So that’s why curators have technicians

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Work continues on v r 3, my exhibition of water. Yesterday I started actually messing around in Unity itself putting water all over the place and attempting to have it behave itself.

I’ve written about this sort of thing before, but I’m always really interested in the strange parallels that come up when you’re trying to do some sort of “job” in a game creation context. Whether it’s setting up the staging of a Eurovision show (Epic Sax Game) or doing the interior design for a non-existent institute (Digital Marina Abramovic Institute), there are always these situations where you’re trying to accomplish a task in digital space that is most often done in physical space. Setting up an exhibition of water is another example of this experience.

The most interesting thing here, of course, is the ways in which the digital impinges on the task, making some things much easier, some things harder, and some things just strange. So you can organise a gallery space by just cutting and pasting a file from a previous project, but in the same breath you might find out that light somehow shines through one of its walls which you need to fix. There have been various oddities like this that have cropped up so far in a single day of working on v r 3. Here are two.

You can’t lean over. In designing the plinth to hold the water I wanted it to be as similar as possible to the cubes in v r 2 as a kind of continuation and consistency. But in thinking about labelling and the ability to actually look at the water itself, it occurs to me that a really typical movement people perform in galleries is leaning over something that is lower down in space. The typical avatar always stands completely upright, just swivelling their neck around or, at best, doing a really weird crouch in which they lower themselves straight down in some kind of creepily smooth squat before scooting around the landscape like that. There’s no really naturalistic way to look at something from other postures. And this kind of rigid body (physics joke for you fans out there) has implications for the kind of display technology you then end up using. Maybe the plinth has to be higher so that the weirdo viewing the show is able to look clearly. Maybe the audience member has to be fitted with terrifying telescoping eyes so they can “zoom in” on things they can’t lean toward. Maybe the didact with the information about the particular piece they’re looking at has to be angled at 45 degrees to be legible, or has to be in extra large type. Etc. Consequences.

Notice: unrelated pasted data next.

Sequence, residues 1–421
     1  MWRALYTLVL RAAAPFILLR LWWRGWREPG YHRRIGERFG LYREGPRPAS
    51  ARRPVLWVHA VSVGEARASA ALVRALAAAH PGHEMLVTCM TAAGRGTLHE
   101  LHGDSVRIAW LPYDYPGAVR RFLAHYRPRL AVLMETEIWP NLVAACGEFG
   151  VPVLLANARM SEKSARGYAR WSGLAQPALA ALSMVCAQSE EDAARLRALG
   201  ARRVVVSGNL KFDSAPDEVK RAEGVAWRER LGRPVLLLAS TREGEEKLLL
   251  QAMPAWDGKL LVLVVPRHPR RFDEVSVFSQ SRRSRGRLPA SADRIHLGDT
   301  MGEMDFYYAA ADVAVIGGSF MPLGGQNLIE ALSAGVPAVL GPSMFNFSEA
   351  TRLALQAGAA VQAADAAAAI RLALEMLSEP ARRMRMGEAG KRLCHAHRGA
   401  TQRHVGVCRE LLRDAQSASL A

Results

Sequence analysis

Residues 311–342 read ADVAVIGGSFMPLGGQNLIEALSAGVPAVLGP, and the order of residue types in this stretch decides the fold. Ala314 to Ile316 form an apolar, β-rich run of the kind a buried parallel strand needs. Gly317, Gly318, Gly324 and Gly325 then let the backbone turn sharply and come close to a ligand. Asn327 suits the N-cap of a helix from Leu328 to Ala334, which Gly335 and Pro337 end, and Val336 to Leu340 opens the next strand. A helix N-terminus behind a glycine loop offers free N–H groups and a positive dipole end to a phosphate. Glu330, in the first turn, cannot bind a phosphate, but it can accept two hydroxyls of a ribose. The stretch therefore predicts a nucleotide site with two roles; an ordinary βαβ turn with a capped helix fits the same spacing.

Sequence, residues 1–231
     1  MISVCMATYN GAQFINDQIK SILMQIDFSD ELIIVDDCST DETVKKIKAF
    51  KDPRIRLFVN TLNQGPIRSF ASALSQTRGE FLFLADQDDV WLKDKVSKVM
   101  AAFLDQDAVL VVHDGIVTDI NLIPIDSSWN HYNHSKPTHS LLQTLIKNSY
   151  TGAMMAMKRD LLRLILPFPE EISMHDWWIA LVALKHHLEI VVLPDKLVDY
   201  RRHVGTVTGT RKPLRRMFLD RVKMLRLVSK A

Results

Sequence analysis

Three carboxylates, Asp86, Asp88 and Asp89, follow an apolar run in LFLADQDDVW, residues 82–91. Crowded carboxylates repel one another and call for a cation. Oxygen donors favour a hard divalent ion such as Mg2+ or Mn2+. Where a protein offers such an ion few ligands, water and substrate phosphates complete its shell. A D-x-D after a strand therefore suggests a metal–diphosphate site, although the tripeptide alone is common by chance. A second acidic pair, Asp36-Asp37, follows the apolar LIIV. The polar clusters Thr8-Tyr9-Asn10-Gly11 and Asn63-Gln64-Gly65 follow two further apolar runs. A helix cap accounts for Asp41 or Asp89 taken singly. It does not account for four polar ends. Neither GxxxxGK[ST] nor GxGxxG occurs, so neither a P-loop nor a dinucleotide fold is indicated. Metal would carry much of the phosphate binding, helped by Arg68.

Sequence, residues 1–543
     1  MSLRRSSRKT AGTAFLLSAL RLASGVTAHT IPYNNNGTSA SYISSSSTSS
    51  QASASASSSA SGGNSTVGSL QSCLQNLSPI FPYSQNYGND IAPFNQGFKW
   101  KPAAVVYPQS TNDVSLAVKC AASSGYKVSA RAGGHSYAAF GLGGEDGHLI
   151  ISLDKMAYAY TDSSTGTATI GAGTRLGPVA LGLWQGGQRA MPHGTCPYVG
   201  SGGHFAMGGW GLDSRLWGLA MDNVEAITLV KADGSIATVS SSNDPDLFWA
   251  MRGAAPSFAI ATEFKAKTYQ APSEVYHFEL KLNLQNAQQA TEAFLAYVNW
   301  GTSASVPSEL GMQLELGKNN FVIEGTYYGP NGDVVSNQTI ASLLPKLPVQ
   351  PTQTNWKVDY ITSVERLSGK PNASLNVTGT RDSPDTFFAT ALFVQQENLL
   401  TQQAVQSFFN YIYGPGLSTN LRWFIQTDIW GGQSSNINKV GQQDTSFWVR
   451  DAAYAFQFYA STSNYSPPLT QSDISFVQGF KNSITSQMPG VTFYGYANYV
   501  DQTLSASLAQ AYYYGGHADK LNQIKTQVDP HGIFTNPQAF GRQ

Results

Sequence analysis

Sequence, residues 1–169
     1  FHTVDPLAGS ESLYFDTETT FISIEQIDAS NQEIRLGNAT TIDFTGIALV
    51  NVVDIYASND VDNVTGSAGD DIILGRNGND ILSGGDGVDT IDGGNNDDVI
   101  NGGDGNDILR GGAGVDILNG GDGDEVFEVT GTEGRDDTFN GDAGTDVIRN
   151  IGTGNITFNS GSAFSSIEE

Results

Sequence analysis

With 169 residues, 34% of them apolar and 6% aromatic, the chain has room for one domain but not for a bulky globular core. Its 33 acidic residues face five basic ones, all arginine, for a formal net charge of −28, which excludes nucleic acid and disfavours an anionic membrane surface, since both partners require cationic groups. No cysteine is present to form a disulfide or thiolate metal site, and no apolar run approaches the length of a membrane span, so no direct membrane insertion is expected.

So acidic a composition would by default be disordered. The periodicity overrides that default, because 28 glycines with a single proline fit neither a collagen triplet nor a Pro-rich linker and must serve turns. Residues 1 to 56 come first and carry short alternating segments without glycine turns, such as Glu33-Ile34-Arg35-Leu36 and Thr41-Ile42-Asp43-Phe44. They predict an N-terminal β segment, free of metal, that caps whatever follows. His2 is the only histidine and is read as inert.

Water isn’t water. The water I’m displaying in v r 3 is obviously not “really” water, right? It’s not just a physical substance that behaves according to the laws of physics. Now, if I were having this show in reality, there would be all kinds of problems around displaying water, like the risk of it spilling or evaporating, of somebody trying to drink it or splash it, or of it leaking through the materials of the plinth, say. None of those issues are issues in a digital space, though – in those ways digital water is very neat and tidy and resistant to interaction. However, it doesn’t play nice in other ways. You can’t, for instance, take for granted that the world will be reflected correctly from the surface of the water (should you choose to enable reflections, which is a decision you can make). Instead, I fought for a couple of hours with the phenomenon of looking down into a pool of water only to see various bits of the reflective world pop in and out of existence. This does not happen, as far as I know, with real physical water. There’s lots of stuff like this. At one point I had multiple pools of water and realised they were all co-dependent – when I changed the colour of one (again, easy to do, no dye required) they all sympathetically changed colour. Not what I wanted. And on and on it goes. Currently I’m dealing with an issue where if you stand a really specific distance from the water and look into it, it refracts the world around it in a kind of scary infinite-looking regression of swirling shapes. A bit like a demon is about to swim up out of it and claim your soul. Not what I want.

So, once again I’m brushing up against all of these oddities of virtual spaces and virtual objects and virtual liquids. On the one hand they’re often very clean and simple to deal with or move around or remove or add, but on another hand they sometimes all too much like what they are, assemblages of code and assets that may or may not reflect reality.

Splish splash.